When adding truck-mounted equipment to vocational (work) trucks, it is essential to make the time for up-front considerations about needs, capabilities and options. The objective is to get equipment that meets a truck’s specific work requirements for its intended application.
Not doing so will end up costing more in the long run due to a loss of productivity. It could also affect the safety and convenience of the truck operators.
There are three important factors to consider in order to correctly specify a truck-mounted crane, say officials at truck crane manufacturer Liftmoore (www.liftmoore.com). They are:
- How much weight will be lifted, including all rigging used?
- How far out from the center of rotation will the load be?
- How often will the lift be made?
The maximum capacity of a crane is, as you would expect, the crane’s maximum lift capacity. However, Liftmoore officials do not recommend purchasing a crane for use at its maximum lifting weight.
While two cranes may be listed as 6,000-lb capacity cranes, their capacities may actually differ within the working load zones of the crane. Calculating the load moment capacity required, then comparing it to the load moment rating of the prospective crane, can eliminate problems down the road.
A crane’s maximum load rating is determined by the crane’s load moment or moment rating. This is the weight of the load being lifted multiplied by the distance between the load’s center of gravity and the center line of the crane.
The shorter the distance, the lower the load moment. That is why heavier lifts should always be done as close as possible to the crane.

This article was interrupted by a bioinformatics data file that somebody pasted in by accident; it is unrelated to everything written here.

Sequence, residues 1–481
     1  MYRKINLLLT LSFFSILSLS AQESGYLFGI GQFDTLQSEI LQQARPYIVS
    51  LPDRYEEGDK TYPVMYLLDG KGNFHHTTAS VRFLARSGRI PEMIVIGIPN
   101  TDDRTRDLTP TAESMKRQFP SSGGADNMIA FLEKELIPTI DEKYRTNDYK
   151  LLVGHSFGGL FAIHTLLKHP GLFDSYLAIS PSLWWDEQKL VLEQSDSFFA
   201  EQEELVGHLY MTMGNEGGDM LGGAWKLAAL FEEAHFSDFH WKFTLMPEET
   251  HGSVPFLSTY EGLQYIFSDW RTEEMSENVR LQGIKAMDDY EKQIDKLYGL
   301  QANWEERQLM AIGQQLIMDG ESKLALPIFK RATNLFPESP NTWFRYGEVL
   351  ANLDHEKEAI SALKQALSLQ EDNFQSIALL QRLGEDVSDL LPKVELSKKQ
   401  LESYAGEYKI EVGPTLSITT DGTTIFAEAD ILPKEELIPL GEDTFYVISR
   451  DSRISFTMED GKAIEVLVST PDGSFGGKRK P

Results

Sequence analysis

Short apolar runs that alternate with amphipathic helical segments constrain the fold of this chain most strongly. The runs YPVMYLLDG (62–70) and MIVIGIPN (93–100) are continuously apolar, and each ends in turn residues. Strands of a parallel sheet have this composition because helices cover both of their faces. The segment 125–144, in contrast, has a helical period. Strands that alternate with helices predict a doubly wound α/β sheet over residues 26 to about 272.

TYPES OF CRANES
There are basically three types of truck-mounted cranes: electric, hydraulic and articulating, also known as the “knuckleboom.”
Electric cranes, which don’t require the engine to be running to power the crane, offer a low cost of entry, according to officials at Iowa Mold Tooling (IMT), a company that designs and manufactures mechanic’s trucks, lube trucks, tire trucks, air compressors and truck-mounted cranes (www.imt.com). Electric cranes are suitable for those applications where lifting needs are fairly light and duty cycle operations are intermittent.
They are not intended for extended continuous operation periods as constant use throughout an operation will dramatically reduce battery life and add pressure to the electrical system, officials at Auto Crane, a manufacturer of electric and hydraulic cranes, crane service bodies and accessories (www.autocrane.com), add.
Heat buildup can also become a hurdle during an electric crane’s operation, note officials at Service Trucks International, a builder of crane, service and lube truck bodies (www.servicetrucks.com). Electric cranes are limited to the duty cycle (heat generated) of the electric motors that power them. They work well if there is enough time between operations for the motor to cool to ambient temperature.
What’s more, the power of the electric motor typically limits the size of an electric crane to a 6,000- to 6,500-lb maximum lift capacity, they say.
Applications that require extended crane operation periods, shorter cycle times and higher lifting capacities are best served by using a hydraulic-powered crane, say Service Trucks International officials.
Hydraulic cranes require a power take-off and pump configuration to produce the necessary fluid-filled hydraulic system flow to power the crane, Auto Crane officials explain. This requires the engine to be running, often at higher than idle rpm, during operation.
Hydraulic cranes also offer greater control (proportionality) of the crane and faster operation, and hold up to higher cycle counts better than electric cranes, they add.
Hydraulic telescopic cranes have a wide enough range of lift and reach capabilities to meet most field service needs.
The cranes, however, have a lift capacity limitation because of the service bodies they are mounted on, IMT officials say. The size of a crane and the size of the truck go hand-in-hand.